A Review of Singapore’s Response to COVID-19

How Singapore Defeated COVID-19 and some Economical and Ethical Reflections.

Andrew Chen
9 min readApr 18, 2021


Photo by Mike Enerio on Unsplash

In Dec 2019, an unprecedented disease was identified in Wuhan, China. It did not get enough attention in the beginning. Later, the number of reported cases surged, and scientists reported that this disease is contagious and can be transmitted among people. The Chinese government soon claimed nationwide lock-down, especially in the provinces that have most cases, like Hubei province. Flights between China and other countries were canceled except the very important ones. Due to the characteristics of the virus, scientists names this pandemic COVID-19, as known as SARS-CoV-2 (severe acute respiratory syndrome coronavirus 2). Meantime, the FDA did not begin the COVID-19 test in the USA, and people were still optimistic about these pandemics. However, a resident of Washington state was diagnosed as COVID-19 positive [1]. It did not take long for this disease to spread all over the country. Up to the time of writing this essay, there are more than 129 million people infected by COVID-19 around the world. What’s worse, about 2.82 million people had passed away due to this disease. The USA was also affected severely. About 30.5 million people had been infected, 552K residents passed away, and the numbers are keeping increasing [2]. Although scientists from different countries are dedicated to developing vaccines, and some vaccines were already released, we should still be cautious about this pandemic.

Admittedly, different governments took different methods to deal with this pandemic. For example, the Chinese government implemented draconian lockdown and social distancing. As an international student, I can understand how difficult it is according to my parents’ description. While some countries discourage normal healthy people from wearing face masks in the beginning, and the social distancing was not as strict as China, needless to say, lockdown.

Comparing the death rate and infected cases in China and the USA, is it safe to say draconian social distancing and lockdown is better than a comparatively loose regulation? Maybe. Yet, some countries adopted mixed methods, like South Korea and Japan. The government did not take rigid procedures at the first time, but the pandemic was controlled with unified efforts. Some western countries, like Australia, also performed well in this pandemic. It is hard to conclude which method is the best. However, a small country was highly praised uniformly around the world. Its experience may not be copied to other countries, but it might be a great reference. That country is Singapore.

It is impossible that a country’s economy would not be affected during COVID-19. Singapore suffered from GDP (gross domestic product) shrinkage as well. However, in the fourth quarter of 2020, the reported shrinkage is 2.4%, less than the government expectation, 3.8%. Also, the government expected about 5% to 6% GDP growth in 2021[3]. This may not be a significant success because the GDP of the USA only decreased 2.3% in 2020, and China even reported GDP growth in 2020. [4][5]

Nonetheless, Singapore has the lowest COVID-19 fatality in the world, which is 27 deaths among more than 57,000 people [6]. In contrast, more than 4.500 people passed away even under the rigid quarantine, and more than 57,000 people passed away in the USA [7]. Compared with other countries, this is a victory indeed. So, what are the reasons that Singapore succeeded in the war of defeating COVID-19?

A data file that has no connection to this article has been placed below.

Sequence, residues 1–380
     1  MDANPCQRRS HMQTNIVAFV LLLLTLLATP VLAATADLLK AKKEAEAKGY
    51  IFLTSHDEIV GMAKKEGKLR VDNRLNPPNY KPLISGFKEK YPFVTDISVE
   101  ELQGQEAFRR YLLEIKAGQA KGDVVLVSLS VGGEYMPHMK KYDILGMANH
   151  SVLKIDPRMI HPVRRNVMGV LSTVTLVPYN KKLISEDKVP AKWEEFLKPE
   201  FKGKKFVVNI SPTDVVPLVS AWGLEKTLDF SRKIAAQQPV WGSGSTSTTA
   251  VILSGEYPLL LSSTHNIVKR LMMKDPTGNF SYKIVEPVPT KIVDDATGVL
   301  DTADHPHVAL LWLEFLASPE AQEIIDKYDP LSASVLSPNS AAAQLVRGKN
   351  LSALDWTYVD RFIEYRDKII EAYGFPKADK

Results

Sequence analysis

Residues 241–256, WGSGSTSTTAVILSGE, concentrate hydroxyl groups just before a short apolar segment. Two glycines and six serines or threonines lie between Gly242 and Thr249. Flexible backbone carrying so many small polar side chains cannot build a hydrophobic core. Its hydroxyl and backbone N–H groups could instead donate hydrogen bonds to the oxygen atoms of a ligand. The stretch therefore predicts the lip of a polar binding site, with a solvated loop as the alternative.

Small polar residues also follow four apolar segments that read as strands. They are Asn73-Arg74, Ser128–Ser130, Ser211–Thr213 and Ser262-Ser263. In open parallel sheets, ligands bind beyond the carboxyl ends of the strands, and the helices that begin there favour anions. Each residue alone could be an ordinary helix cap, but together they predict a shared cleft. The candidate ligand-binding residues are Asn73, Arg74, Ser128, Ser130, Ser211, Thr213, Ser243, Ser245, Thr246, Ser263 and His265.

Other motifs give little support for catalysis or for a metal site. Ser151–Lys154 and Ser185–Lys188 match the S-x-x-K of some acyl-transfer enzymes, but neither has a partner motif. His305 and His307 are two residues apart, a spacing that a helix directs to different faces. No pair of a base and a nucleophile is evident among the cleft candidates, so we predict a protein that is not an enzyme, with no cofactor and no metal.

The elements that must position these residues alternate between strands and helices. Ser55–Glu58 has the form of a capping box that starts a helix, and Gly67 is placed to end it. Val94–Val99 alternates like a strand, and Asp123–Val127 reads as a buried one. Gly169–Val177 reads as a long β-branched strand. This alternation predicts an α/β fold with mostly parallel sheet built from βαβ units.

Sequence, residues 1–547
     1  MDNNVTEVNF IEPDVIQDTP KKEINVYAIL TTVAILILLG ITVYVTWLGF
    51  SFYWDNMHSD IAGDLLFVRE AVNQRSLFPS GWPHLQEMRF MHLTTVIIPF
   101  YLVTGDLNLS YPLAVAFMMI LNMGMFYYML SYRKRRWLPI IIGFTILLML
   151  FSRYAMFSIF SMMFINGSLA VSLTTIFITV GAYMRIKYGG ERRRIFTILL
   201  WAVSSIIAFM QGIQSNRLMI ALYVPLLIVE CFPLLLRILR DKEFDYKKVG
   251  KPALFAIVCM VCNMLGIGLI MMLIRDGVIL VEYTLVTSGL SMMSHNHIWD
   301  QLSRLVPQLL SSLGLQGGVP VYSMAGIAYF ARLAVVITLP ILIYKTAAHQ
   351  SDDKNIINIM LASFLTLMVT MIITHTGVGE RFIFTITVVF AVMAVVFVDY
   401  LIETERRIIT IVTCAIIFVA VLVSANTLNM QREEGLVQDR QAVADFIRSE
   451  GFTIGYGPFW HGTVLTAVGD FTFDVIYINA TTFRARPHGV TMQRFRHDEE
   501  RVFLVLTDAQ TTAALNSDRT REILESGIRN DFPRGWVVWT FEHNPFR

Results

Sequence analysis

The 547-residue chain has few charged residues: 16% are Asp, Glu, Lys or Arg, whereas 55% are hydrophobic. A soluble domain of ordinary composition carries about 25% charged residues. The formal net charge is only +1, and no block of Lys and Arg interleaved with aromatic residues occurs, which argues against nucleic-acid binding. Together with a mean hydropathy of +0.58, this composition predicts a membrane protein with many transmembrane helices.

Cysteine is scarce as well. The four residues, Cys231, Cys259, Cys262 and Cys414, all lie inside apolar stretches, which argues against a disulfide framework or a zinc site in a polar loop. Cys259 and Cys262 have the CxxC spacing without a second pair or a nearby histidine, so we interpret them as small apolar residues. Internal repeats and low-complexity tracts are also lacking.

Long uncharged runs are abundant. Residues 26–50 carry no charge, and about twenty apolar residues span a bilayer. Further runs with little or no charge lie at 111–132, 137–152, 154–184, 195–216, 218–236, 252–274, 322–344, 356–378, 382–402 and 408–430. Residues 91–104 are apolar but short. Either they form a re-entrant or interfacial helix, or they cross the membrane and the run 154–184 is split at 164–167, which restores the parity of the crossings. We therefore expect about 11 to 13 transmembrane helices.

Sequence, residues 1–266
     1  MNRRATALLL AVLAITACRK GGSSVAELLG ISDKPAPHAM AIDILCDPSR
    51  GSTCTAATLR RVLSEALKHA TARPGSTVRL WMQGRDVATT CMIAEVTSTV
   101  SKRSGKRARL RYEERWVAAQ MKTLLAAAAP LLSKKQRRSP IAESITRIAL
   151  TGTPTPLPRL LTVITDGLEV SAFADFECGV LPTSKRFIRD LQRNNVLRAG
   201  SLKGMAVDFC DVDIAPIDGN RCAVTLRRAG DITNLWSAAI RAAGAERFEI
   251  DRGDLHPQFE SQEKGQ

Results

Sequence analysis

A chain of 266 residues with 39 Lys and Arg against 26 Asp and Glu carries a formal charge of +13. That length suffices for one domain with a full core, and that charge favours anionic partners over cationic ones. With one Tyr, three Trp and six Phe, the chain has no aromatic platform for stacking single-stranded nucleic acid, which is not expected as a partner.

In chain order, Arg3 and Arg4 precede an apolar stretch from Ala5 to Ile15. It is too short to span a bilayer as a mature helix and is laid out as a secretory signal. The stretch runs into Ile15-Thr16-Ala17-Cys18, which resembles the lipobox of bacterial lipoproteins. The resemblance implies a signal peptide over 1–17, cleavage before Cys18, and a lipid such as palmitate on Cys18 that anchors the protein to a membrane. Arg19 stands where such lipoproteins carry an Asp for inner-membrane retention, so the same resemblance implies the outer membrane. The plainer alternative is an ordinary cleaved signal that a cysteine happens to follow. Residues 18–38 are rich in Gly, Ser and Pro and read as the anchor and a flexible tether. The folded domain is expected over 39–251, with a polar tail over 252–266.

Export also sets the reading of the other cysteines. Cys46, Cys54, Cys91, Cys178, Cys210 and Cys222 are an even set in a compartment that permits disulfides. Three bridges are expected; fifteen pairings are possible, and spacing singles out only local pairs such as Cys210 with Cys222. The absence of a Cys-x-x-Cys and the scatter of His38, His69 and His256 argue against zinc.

First, as a country close to China, Singapore learned a lot from the outbreak of SARS-CoV in 2002. The government spared no effort to prompt the development of public health and preparation for a pandemic. The direct institute is called the “Public Health Preparedness Clinic (PHPC).” The PHPC will help to monitor the health condition of residents in a community so that they would not have to visit hospitals. Thus, the cost of diagnosing will be reduced, the risk of being exposed to the virus would decrease. Once a resident knew she/he is COVID-19 positive, she/he can take action in time and not affect other residents [8]. Also, now that it is a neighboring country of China, Singapore has the first time information and prepared for the pandemic with high attention [9]. Although these methods may not be the root reason for Singapore’s success in this pandemic, they should be a great reference to other countries.

Besides, the policy of the Singapre government should not be neglected in this pandemic. Fighting against COVID-19 requires unified work from all around the country. Singapore has built multiple government agencies to coordinate intervention and messaging during any possible pandemic since 2003. This has been proven efficient in 2009 to defeat H1N1 and in 2016 to defeat the Zika outbreak [10]. This system gets involved actively in this pandemic and functioned well, which ensured the safety of Singapore residents. What’s more, the government would cover the costs of texting and treatments in Singapore. Compared with Singapore, the US government did not respond as quickly neither provide enough vacancies in hospitals after the outbreak, needless to say, the covering the full cost of treatment. Some people can only stay at home to quarantine after being diagnosed as COVID-19 positive. Although it is free for students, not all people can get tests in time, and some of these people might be carriers of viruses and infect more people.

Singapore Parliament, retrieved from Yahoo News Singapore

Plus, the unified system, quick response, powerful regulation, and monitoring rely on a strong government. Singapore is known as a country that takes the form of a Parliamentary Representative Democratic Republic. Yet, the People’s Action Party has taken the most seats of the cabinet until President Lee Hsien Loong came into the presidency. Therefore, Singapore has been criticized as a country with defected democracy [11]. Nonetheless, if the People’s Action Party did not hold power for such a long time, some policies may not be implemented. For example, establishing the PHPC system is time-consuming and does not have instantaneous rewards. If another takes over the party, this policy might be abolished, or less funding will be invested to it. But once the pandemic outbreak and the clinical system cannot function, it might be fatal. For example, the Obamacare (Affordable Care Act) was not favored by President Trump during his presidency. It was not completely abolished but has been overhauled to a large extent [12]. Further, when the COVID-19 outbreak, President Trump was preparing for the election in 2020. Public media may pay more attention to the election than the pandemic itself, and the parade for votes may trigger more infection. Although it has been controversial for a long time and may not be the key to fighting against the COVID-19 pandemic, some people may benefit from affordable Medicare, which may save a lot of people’s lives.